Everyone has an annual gift allowance of £3,000 which can before carried over to the next tax year to a limit of £6,000. Any gifts under £250 are considered small gifts and are exempt from inheritance tax as are any gifts that are considered to be out of your normal income.
Wedding gifts are exempt to a limit of £5,000 for your children, £2,500 to grandchildren or great grandchildren and £1,000 to anyone else.
Any gifts made between married partners are completely exempt as are gifts to registered charities and various national institutions.
More information can be found here www.gov.uk/inheritance-tax/gifts
If a gift is made to another person then this is called a Potentially Exempt Transfer. You must then survive 7 years from making that gift for it to be considered outside of your estate. If you die within three years of the gift the full value will be added back into your estate. The amount of the gift will reduce between years 3 and 7.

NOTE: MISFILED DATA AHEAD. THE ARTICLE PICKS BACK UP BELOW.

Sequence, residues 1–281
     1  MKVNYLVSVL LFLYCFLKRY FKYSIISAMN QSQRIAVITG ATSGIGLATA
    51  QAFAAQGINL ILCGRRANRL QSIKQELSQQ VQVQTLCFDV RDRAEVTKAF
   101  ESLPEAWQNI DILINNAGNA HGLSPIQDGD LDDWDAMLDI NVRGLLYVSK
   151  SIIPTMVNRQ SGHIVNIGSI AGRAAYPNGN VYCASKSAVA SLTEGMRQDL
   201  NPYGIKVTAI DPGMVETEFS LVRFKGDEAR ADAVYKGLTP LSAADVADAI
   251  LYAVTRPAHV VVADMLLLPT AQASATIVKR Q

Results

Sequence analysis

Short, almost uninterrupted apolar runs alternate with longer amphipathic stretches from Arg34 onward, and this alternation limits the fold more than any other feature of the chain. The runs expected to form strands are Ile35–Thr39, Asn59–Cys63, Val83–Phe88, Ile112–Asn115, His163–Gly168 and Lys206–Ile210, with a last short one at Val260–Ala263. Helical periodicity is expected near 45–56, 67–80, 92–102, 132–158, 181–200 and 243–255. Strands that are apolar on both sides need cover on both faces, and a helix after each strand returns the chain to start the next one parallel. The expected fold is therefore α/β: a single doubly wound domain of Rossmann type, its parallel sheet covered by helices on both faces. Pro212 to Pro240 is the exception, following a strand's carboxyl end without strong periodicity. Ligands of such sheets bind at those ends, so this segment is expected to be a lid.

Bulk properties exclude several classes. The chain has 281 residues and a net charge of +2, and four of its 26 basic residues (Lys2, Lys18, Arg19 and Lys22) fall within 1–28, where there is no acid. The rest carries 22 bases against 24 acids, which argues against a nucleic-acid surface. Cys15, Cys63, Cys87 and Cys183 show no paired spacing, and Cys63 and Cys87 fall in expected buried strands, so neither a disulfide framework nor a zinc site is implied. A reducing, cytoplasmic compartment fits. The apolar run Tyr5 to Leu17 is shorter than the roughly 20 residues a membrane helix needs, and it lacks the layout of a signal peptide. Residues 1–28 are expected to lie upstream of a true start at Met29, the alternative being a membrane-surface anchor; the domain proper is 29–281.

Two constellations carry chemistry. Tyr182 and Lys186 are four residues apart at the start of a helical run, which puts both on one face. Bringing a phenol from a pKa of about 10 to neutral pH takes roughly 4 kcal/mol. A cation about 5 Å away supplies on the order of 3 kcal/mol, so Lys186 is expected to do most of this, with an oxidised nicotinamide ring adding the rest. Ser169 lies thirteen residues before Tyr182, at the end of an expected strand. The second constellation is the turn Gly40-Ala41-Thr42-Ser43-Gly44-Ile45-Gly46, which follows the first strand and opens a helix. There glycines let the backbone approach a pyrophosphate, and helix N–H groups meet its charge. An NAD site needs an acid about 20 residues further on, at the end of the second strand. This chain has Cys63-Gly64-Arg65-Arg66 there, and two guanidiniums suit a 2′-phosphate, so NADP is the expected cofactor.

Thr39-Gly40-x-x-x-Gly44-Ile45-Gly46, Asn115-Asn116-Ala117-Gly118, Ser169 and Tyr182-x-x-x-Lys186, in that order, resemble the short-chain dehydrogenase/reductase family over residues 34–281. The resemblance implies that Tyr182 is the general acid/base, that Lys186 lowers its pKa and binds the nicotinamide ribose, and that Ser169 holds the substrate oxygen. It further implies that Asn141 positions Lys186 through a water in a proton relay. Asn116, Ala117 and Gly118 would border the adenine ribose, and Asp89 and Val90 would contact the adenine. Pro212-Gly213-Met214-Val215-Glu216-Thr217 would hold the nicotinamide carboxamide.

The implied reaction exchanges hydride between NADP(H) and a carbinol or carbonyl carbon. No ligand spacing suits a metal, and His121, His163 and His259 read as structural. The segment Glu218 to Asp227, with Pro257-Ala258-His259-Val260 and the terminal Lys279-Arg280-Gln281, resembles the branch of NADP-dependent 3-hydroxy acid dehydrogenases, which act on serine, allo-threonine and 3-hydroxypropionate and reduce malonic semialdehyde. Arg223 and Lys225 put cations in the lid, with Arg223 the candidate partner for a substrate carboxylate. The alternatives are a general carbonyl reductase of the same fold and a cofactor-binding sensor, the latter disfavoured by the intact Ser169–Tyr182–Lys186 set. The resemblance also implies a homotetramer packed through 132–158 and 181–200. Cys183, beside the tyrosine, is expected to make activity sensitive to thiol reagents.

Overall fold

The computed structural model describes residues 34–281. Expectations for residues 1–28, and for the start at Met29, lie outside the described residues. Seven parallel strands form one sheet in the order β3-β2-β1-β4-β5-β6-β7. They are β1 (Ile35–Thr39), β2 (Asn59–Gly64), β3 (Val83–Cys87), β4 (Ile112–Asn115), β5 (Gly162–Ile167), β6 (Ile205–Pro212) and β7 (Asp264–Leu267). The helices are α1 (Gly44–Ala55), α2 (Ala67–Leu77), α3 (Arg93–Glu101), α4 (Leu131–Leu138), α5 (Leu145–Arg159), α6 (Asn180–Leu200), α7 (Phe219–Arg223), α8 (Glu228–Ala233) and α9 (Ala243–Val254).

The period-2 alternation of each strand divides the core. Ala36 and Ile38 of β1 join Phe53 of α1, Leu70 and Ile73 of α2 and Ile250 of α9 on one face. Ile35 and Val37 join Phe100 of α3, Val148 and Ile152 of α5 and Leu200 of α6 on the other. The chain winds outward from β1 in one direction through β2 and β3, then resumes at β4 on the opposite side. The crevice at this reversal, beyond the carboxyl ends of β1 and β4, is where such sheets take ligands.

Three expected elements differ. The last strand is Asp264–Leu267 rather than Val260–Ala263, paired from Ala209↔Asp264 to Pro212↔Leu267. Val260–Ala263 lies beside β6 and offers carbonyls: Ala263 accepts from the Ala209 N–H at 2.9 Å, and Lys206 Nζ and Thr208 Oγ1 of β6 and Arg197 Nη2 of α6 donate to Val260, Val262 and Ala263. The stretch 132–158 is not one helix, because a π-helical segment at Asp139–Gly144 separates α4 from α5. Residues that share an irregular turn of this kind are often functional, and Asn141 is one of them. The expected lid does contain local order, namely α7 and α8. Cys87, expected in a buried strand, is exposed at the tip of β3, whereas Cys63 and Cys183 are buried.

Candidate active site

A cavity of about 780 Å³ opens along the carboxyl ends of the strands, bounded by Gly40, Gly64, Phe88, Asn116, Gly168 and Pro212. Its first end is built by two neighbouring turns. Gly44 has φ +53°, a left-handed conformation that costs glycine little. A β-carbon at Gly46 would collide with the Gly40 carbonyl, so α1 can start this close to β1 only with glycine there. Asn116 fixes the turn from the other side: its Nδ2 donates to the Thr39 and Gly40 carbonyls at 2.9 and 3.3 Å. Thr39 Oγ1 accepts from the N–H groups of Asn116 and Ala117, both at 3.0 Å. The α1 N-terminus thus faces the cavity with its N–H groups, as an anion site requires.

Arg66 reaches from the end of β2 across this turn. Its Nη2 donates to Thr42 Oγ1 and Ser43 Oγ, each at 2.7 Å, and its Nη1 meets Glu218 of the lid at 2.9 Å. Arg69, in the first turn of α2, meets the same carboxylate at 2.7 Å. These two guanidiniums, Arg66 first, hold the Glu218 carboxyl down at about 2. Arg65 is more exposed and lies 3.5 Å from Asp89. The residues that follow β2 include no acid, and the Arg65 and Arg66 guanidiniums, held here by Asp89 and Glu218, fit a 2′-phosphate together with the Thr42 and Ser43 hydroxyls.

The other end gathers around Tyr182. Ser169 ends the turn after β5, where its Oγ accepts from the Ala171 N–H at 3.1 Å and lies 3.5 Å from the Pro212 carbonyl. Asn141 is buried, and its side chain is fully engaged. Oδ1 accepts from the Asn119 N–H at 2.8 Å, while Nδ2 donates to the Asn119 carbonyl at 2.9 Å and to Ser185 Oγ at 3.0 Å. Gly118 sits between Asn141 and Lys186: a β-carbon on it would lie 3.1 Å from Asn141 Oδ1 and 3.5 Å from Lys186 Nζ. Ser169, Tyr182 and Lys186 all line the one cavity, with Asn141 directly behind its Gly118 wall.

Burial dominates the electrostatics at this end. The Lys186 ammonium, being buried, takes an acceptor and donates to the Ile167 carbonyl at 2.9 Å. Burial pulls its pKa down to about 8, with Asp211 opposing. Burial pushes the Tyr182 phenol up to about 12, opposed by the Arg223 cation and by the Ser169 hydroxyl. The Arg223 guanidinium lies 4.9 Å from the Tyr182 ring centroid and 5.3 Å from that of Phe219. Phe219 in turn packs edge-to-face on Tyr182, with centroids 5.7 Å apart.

If you make a gift into trust this can be much more complex. If you are planning on doing this I suggest you take some advice on the type of trust used and where the money is invested once inside the trust.
Yes. Anything left to charity is tax free and will not take up any of your nil-rate bands. In addition if you leave 10% or more of your estate to charity it can reduce the rate of inheritance tax from 40% to 36%.
This is called intestacy. It is highly recommended that you take the time to have a will written whilst you are alive. Not only does it allow you to decide who inherits what but you can also leave personal requests about where you are buried or if you want your ashes spread somewhere meaningful for you.
Dying intestate can make distributing your estate a long, difficult process which most people would want to avoid their family experiencing at what is already a difficult time.
Inheritance tax planning can be a complex process but can mean that your estate is liable to less or no inheritance tax when you die. There are lots of different options to consider and it is important that you look each of them in detail.
Give me a call to talk about what your options are.
Based in Southampton the majority of my clients are located in Southampton, The New Forest, Lymington, Winchester, Lyndhurst, Chilworth, Romsey, Hamble, Netley, Sarisbury, Locks Heath, Whiteley, Hedge End, Botley, Fair Oak, Wickham, Twyford, Otterbourne, North Baddesley, Wellow, Beaulieu, Diben Purlieu, Brockenhurst etc.